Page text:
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US still world’s biggest cocaine market

A UN drugs report says the United States remains the biggest market for cocaine in the world, but European cocaine demand is rapidly catching up.

In its annual report, the UN Office on Drugs and Crime also says global coca cultivation fell by one-sixth in 2010, accompanied by a significant drop in cocaine production in Colombia.


It says Peru has become the world’s largest producer of coca, the plant used to make cocaine, knocking long-time leader Colombia into second place.

The agency says nearly 5 percent of the world’s population took illicit drugs at least once in the previous year, with many users turning from traditional opiates to synthetic and prescription drugs.

The report listed cannabis as the most widely produced and consumed illicit drug.

In its annual World Drug Report, the United Nations Office on Drugs and Crime (UNODC) said heroin consumption has stabilized in Europe while cocaine consumption has declined in North America, which it described as “the most lucrative markets” for those drugs. Reuters

In 2009, the use of cocaine had substantially declined in North America, although the 5.7 million users there accounted for more than a third of all cocaine users worldwide. Reuters

“Well, I think it’s a much greater use of cocaine among teenage kids, it’s no longer the drug of middle class dinner parties. It’s now a cheaper substitute than ecstasy was in the 80s and 90s and there’s a much greater availability, particularly in Spain, the UK, and Italy which I think are the countries that use it the most in Europe,” says the Home Affairs Editor of British newspaper The Guardian. Euronews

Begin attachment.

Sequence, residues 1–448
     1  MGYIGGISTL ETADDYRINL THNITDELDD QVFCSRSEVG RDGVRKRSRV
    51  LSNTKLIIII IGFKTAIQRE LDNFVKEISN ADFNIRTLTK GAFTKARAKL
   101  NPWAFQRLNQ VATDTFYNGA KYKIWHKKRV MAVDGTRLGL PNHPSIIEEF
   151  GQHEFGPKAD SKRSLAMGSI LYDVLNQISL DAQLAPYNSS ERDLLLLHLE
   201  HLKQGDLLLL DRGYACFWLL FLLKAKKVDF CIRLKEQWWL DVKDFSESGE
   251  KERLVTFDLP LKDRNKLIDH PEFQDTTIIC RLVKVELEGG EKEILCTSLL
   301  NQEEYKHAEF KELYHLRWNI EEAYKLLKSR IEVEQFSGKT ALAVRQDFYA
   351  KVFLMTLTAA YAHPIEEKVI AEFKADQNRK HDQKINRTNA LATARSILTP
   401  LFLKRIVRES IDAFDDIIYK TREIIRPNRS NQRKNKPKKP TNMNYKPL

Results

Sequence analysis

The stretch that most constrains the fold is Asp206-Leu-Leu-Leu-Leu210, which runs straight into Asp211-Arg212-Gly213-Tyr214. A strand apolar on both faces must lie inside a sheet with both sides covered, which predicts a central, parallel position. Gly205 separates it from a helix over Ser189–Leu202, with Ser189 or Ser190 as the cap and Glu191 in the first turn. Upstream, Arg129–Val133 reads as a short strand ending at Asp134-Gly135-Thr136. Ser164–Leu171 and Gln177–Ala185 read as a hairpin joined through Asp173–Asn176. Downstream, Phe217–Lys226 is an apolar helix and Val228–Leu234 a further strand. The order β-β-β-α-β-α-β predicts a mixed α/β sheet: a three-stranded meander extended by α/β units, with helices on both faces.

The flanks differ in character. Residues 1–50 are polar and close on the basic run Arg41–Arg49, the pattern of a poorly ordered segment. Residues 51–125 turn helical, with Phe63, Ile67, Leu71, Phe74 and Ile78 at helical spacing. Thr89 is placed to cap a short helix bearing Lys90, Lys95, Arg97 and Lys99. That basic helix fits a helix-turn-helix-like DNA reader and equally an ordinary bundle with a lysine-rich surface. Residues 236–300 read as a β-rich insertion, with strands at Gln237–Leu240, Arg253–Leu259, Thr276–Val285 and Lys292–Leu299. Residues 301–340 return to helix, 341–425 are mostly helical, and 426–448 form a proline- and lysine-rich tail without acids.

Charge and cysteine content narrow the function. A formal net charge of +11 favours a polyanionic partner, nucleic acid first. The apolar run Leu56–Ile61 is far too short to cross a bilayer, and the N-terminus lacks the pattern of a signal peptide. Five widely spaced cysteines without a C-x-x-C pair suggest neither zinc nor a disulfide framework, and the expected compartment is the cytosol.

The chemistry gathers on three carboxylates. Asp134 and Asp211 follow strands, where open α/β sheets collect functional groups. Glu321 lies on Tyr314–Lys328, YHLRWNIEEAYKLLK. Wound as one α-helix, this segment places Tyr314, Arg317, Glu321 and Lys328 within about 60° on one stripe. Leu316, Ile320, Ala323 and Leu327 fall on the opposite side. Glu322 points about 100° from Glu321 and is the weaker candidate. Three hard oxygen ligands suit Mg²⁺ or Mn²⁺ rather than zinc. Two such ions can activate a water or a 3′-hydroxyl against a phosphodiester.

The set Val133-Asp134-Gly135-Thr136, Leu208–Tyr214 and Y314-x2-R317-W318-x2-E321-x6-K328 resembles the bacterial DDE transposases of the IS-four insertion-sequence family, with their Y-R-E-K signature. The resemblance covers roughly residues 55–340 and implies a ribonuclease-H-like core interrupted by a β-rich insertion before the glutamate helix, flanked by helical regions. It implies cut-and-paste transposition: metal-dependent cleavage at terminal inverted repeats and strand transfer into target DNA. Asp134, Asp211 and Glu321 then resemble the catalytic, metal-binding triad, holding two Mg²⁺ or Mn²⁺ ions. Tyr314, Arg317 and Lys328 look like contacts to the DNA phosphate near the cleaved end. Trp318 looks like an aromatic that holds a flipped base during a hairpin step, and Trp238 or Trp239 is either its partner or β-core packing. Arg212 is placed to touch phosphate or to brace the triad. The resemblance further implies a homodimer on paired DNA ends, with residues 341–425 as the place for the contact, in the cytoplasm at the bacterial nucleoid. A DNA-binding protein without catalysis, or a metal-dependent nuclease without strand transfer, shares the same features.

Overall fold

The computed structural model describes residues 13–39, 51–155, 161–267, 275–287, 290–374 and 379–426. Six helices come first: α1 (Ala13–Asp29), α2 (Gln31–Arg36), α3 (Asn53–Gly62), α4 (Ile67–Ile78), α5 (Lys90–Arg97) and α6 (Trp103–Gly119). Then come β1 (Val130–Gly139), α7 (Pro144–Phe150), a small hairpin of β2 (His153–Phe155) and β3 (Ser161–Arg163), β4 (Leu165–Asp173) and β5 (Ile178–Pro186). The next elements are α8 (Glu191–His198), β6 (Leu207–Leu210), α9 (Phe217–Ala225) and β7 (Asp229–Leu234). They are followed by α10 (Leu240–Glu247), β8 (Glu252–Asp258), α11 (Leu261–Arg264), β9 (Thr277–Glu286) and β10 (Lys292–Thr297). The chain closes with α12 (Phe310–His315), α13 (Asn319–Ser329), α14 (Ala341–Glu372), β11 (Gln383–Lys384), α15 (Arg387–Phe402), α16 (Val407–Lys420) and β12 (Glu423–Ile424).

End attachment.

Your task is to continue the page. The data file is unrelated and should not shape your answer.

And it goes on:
On June 17, 1971, President Richard Nixon declared that “Public enemy No. 1 in the United States is drug abuse.”

Despite all the money thrown at the problem, narcotics are cheaper and more widely available than ever in the U.S., according to the government’s own National Drug Threat Assessment.

Even adjusting for inflation, Nixon’s $100 million annual budget for the “War on Drugs” has multiplied 50 times: the Obama administration has asked Congress for $26.2 billion next year.

Meanwhile, since 1971, the federal government has spent almost a trillion taxpayer dollars fighting drugs. A report from the Senate Homeland Security and Governmental Affairs Committee disclosed that the government awards the majority of counter-narcotics contracts to five large defense corporations.

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